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David Moyes is taking fatigue into account for the Shrewsbury cup-tie

It’s just another issue for West Ham United to overcome at the end of a hectic week

Tottenham Hotspur v West Ham United - Premier League Photo by Arfa Griffiths/West Ham United via Getty Images

When discussing Sunday’s F.A. Cup match away to Shrewsbury Town, West Ham United manager David Moyes said that one of the things he needed to take into account when selecting his team would be the effect of fatigue on the players.

With such a heavy schedule in the last seven days, several players have fallen to injury; while others will be carrying minor knocks picked up during the two league matches against West Bromwich Albion and Tottenham Hotspur.

With José Fonte now progressing through the appropriate stages of rehabilitation following his ankle surgery, and Sam Byram currently working his way back to fitness after a thigh injury, David will be keen to minimise the risks of anyone else picking up an injury on F.A. Cup duty.

It has already been reported that David is considering using some of the younger players in the Hammers squad for the Shrewsbury game; many of whom will surely benefit from the experience of playing in one of the most famous cup competitions around.

On that note, it will be a day to look forward to for some of the Hammers up and coming young professionals.

Balancing youth and experience is always a tricky match to make. Many coaches feel that you can only introduce one or two youngsters at a time and that making wholesale changes can significantly weaken a team.

David Moyes himself stated in a recent interview on the club website that he is a great believer in continuity; but acknowledges that there are times in football when other factors need to be taken into account.

Tottenham Hotspur v West Ham United - Premier League Photo by Kieran Galvin/NurPhoto via Getty Images

One of these is fatigue; which David referred to earlier in the week, and often the secret in managing this lies in recognising the difference between a player who is just tired (perhaps after recently returning from injury such as Chicharito for example) and one who is genuinely suffering from fatigue in the true sense of the word.

Fatigue, in the physiological sense, tends to occur in the later stages of the game as the body’s glycogen stores begin to deplete; leading to reduced work capacity, decreased running distances and a general overall reduction in high-intensity activity (Reilly and Gilbourne, 2003; Mohr et al, 2003; Hoff, 2005).

Fatigue directly affects the muscles, ligaments and other structures in the body while at the same time impairing stability of the joints (Ortiz et al, 2010); and this partially explains why most injuries tend to occur in the second half of the game when the body’s natural sensors are not responding as quickly as they should be.

The classic sign of a footballer struggling with fatigue is somebody playing with the socks rolled down to the ankles.

This is because the body is trying to get more nutrients to the muscles, and tight socks restrict the circulation and make it feel as though the muscle is wanting to ‘cramp-up’. This is often followed by a painful muscular spasm that forces the player to have to stop and stretch.

Sometimes the intensity of this spasm makes it impossible for the player to properly stretch without assistance. We’ve all seen players suffering from cramp having their calf muscles stretched; sometimes by another player, and often from someone in the opposing team until the medical staff arrive.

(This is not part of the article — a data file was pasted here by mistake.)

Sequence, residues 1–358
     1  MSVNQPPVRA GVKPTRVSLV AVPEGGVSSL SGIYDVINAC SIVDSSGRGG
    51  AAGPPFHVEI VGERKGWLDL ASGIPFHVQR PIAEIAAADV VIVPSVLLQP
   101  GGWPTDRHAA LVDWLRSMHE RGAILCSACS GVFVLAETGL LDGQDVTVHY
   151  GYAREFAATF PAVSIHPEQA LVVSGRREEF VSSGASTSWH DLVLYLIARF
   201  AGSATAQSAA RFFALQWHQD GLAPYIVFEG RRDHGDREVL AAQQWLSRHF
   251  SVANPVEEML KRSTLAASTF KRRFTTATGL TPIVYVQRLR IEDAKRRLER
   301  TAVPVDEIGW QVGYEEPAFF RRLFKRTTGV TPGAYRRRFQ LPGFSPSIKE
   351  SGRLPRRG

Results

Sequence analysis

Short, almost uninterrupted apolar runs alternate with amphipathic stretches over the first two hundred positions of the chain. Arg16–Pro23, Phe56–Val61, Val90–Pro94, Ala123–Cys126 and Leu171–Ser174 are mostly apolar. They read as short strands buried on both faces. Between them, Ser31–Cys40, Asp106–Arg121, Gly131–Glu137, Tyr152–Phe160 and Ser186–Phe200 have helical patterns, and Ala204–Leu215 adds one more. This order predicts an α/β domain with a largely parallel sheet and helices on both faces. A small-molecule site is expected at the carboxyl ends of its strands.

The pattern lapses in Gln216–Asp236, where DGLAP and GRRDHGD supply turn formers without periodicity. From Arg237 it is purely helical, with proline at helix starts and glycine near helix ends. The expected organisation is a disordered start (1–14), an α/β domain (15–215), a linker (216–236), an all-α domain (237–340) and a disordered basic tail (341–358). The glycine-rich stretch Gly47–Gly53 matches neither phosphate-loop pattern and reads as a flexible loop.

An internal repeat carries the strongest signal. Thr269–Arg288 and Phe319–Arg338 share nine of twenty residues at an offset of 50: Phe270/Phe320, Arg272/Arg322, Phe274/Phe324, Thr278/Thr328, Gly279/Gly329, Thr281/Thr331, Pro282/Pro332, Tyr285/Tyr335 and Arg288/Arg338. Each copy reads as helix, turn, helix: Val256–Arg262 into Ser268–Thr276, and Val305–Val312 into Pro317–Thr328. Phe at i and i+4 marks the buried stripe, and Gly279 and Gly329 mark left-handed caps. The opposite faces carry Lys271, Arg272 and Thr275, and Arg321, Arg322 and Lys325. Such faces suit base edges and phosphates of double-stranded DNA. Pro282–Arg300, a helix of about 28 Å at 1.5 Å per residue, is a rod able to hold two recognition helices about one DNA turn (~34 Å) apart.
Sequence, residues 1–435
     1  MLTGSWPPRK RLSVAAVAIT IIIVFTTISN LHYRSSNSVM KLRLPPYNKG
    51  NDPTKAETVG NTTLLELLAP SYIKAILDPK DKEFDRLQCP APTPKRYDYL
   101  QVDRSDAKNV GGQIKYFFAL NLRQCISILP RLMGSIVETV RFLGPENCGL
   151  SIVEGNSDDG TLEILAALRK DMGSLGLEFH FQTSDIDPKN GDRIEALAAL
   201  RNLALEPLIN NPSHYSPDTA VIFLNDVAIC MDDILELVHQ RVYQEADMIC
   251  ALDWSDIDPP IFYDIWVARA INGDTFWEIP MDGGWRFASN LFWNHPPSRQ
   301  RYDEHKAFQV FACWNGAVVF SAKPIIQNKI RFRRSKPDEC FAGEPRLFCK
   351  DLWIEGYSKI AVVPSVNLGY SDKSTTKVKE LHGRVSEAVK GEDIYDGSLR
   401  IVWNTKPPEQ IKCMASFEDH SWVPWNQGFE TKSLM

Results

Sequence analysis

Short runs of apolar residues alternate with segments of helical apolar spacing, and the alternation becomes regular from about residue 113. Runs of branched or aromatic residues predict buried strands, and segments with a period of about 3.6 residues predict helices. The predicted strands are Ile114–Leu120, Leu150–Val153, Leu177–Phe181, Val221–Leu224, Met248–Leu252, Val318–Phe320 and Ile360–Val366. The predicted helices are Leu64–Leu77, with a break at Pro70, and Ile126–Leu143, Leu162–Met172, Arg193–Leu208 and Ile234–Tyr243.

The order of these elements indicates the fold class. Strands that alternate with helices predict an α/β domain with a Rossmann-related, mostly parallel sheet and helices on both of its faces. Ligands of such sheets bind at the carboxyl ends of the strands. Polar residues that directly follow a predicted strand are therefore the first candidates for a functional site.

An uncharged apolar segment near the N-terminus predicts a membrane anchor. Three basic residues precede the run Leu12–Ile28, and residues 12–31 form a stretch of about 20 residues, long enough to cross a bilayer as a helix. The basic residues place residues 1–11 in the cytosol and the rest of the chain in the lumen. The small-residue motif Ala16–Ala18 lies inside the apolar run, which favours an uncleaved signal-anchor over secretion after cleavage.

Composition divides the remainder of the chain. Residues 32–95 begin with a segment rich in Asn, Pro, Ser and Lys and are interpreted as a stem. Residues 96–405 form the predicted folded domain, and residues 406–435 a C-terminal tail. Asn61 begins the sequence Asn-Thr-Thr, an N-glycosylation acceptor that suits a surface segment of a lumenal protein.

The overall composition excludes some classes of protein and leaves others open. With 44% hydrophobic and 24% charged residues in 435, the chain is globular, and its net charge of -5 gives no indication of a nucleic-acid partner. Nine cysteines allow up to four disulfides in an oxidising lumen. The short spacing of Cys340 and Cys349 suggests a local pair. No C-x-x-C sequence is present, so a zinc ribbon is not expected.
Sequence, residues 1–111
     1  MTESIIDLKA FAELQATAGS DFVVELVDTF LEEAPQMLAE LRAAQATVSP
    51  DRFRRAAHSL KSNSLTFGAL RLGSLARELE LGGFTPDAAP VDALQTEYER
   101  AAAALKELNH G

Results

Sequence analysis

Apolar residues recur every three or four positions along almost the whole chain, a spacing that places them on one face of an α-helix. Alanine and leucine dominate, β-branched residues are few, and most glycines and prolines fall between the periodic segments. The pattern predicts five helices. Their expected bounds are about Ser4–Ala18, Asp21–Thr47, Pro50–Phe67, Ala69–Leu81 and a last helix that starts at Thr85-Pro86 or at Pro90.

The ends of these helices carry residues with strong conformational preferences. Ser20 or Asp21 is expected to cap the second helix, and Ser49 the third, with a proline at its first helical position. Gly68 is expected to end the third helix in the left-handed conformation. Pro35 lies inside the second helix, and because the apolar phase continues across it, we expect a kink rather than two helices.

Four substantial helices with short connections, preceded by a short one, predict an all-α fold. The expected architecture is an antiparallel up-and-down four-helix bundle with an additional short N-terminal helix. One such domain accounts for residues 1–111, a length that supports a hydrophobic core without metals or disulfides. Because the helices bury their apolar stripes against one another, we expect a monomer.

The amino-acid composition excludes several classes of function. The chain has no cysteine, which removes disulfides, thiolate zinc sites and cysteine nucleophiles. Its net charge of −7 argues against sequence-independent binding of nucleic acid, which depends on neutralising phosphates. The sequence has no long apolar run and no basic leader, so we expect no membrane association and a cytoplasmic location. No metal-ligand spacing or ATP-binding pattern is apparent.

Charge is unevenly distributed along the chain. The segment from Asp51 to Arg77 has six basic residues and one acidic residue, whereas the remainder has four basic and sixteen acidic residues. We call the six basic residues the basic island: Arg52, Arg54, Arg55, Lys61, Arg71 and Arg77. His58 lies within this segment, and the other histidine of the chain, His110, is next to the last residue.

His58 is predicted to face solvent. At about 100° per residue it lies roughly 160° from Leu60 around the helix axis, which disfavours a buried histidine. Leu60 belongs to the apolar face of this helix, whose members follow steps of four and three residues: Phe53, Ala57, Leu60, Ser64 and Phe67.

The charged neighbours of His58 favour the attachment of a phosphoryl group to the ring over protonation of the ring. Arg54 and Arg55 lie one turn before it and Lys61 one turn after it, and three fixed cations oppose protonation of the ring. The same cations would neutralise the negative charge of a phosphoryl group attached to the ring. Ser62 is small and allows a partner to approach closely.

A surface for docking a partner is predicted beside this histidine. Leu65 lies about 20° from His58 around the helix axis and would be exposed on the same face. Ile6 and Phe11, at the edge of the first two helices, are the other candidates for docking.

Severe cramp can be extremely painful; and the associated spasm can often lead to a strain; since tired or fatigued muscles are more likely to be injured; particularly in the later stages of the game (Reilly et al, 2008).

At that point the body’s energy sources are almost depleted, and if someone tries to play on despite severe cramps then a muscular strain is almost certain to occur as a result.

West Ham United v Newcastle United - Premier League Photo by Avril Husband/West Ham United via Getty Images

It’s essential therefore in weeks like this to manage the squad as best as possible; using the rotation system favoured by many coaches if that’s what it takes, and avoid putting too much of a strain on tired legs!

David will have all this in mind, but will be trying to strike that essential balance by making just the right number of changes to allow people to recover from the last two games but without disrupting the continuity he clearly favours.

So on that basis we may see the likes of Reece Oxford, Domingos Quina, Reece Burke, Josh Cullen, Sead Hacšabanović and Toni Martínez against Shrewsbury; or he may decide to stick with those who have performed so well in the past week.

As always, he’ll keep everyone guessing; but whatever way David decides to go, whether with youth or experience, will be the result of careful consideration and planning for the week ahead.

There’s more to come after Sunday!


Hoff (2005). Training and testing physical capacities for elite soccer players. Journal of Sports Sciences. Vol. 23; 573 – 582.

Mohr M, Krustrup P, Bangsbo J (2003). Match performance of high-standard soccer players with special reference to the development of fatigue. Journal of Sports Sciences. Vol. 21; 519 – 528.

Ortiz A, Olson S, Entyre B, Trudelle-Jackson EE, Bartlett W, Venegas-Rios, Heidi L (2010). Fatigue effects on knee joint stability during two jump tasks in women. Journal of Strength and Conditioning Research. Vol. 24 (4); 1019 – 1027.

Reilly T, Gilbourne D (2003). Science and football; a review of applied research in the football codes. Journal of Sports Sciences. Vol. 21 (9). 693 – 705.

Reilly T, Drust B, Clark N (2008). Muscle fatigue during football match-play. Sports Medicine. Vol. 38 (5); 357 – 367.